Behavioural and emotional disturbances associated with sleep-disordered breathing symptomatology in children with Down's syndrome
McConnell EJ., Hill EA., Celmiņa M., Kotoulas SC., Riha RL.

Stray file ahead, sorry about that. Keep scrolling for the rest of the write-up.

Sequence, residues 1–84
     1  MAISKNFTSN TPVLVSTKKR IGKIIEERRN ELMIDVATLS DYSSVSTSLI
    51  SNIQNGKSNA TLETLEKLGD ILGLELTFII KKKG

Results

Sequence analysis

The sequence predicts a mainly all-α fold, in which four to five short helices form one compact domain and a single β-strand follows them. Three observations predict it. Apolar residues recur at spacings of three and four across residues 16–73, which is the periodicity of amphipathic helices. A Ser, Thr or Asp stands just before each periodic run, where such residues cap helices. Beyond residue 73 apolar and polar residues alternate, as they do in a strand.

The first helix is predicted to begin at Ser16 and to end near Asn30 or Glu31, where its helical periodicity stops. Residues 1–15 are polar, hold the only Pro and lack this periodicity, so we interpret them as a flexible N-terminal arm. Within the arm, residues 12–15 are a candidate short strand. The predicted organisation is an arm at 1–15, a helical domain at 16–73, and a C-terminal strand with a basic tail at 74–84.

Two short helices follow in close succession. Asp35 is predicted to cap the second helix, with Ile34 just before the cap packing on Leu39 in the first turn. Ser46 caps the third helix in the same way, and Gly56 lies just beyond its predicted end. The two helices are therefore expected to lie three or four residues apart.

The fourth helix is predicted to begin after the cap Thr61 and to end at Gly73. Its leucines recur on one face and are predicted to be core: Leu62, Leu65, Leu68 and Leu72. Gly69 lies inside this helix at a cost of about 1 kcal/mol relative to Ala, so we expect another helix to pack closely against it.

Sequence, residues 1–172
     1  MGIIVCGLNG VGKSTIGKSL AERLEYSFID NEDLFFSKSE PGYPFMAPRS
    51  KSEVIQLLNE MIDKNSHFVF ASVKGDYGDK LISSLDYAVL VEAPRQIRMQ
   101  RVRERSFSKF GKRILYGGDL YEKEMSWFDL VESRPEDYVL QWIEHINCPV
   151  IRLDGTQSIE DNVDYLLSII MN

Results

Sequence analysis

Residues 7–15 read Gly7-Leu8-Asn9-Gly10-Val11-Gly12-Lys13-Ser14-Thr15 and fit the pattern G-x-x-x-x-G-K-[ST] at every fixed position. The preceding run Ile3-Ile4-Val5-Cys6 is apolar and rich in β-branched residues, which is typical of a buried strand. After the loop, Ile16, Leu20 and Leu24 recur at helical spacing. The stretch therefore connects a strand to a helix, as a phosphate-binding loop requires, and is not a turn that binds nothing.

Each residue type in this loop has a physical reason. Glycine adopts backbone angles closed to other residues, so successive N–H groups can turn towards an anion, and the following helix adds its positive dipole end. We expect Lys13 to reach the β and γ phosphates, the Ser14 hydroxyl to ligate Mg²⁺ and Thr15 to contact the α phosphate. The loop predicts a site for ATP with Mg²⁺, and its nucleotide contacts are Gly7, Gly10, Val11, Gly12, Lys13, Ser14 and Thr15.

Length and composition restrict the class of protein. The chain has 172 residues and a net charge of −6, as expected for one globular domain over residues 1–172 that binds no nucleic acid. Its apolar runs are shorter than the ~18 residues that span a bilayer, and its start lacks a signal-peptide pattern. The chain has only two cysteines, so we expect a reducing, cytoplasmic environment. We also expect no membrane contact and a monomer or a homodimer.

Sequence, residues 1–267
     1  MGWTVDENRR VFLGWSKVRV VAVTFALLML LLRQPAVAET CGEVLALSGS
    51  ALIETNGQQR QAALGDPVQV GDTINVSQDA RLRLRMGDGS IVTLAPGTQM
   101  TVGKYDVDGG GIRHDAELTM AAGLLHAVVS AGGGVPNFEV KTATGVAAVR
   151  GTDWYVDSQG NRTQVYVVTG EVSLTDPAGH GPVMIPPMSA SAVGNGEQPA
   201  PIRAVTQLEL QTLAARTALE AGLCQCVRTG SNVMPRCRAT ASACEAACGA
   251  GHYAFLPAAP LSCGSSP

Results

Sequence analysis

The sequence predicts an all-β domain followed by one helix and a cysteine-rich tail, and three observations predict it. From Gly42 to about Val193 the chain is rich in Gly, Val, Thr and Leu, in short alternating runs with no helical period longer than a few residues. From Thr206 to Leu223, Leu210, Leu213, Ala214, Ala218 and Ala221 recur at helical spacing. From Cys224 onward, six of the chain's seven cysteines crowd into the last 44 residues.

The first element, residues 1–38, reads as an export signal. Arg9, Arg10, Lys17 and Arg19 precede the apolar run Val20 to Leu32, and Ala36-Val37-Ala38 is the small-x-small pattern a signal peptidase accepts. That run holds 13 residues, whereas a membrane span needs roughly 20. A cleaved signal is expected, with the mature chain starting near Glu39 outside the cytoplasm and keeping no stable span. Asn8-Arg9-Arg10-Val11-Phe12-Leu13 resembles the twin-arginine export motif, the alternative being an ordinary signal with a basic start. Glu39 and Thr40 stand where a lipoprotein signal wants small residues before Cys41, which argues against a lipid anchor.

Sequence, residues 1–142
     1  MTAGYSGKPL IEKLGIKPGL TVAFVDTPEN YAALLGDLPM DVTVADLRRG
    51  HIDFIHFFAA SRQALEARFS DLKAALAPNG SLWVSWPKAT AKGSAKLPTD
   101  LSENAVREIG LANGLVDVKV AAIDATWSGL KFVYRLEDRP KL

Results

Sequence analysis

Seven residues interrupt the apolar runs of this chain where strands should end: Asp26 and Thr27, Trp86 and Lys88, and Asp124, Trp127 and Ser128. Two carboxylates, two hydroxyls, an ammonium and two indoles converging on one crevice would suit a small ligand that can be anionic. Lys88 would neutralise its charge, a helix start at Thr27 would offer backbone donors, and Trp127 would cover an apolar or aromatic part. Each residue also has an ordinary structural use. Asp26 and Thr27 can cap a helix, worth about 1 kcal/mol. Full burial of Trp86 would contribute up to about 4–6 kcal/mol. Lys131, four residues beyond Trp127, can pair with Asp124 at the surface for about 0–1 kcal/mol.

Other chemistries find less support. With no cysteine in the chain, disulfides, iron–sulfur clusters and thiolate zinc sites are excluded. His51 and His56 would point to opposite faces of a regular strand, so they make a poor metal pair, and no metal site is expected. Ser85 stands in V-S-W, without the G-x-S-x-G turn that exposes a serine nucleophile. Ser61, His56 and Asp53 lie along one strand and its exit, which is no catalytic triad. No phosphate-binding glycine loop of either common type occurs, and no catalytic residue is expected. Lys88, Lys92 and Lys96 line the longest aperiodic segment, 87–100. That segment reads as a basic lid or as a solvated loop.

Background: Down's syndrome (DS) predisposes to sleep-disordered breathing (SDB). In children with DS, behavioural and emotional disturbances secondary to SDB are often assumed to result from cognitive impairment alone. Our aim was to explore the relationship of behavioural and emotional disturbances with SDB in a population of children with DS. Methods: A modified sleep questionnaire, Epworth Sleepiness Scale (ESS), Paediatric ESS and the short form of the developmental behaviour checklist (DBC-P24) were sent to 261 carers of children aged 4 to 15 years with DS in 2012. Results: Of 120 participants, 25% had probable SDB. In children with probable SDB compared to those without nocturnal symptoms, the total behaviour problem score (TBPS) was significantly higher (20.3 ± 8.6/48 vs. 12 ± 7.5/48; P = 0.002) as was the PaedESS (7.7 ± 5.6/24 vs. 2.8 ± 3.5/24; P = 0.002). For every increase in frequency of choking attacks, snoring and night awakenings, the TBPS increased by 1.37, 1.28 and 1.75 points, respectively, indicating worsening behaviour. The TBPS was found to decrease by 1.31 points for every hour more of self-reported sleep duration (r = −0.25, P = 0.017). Conclusions: SDB symptoms and shorter self-reported sleep duration are highly prevalent among children with DS and are independently associated with worsening behaviour using the TBPS.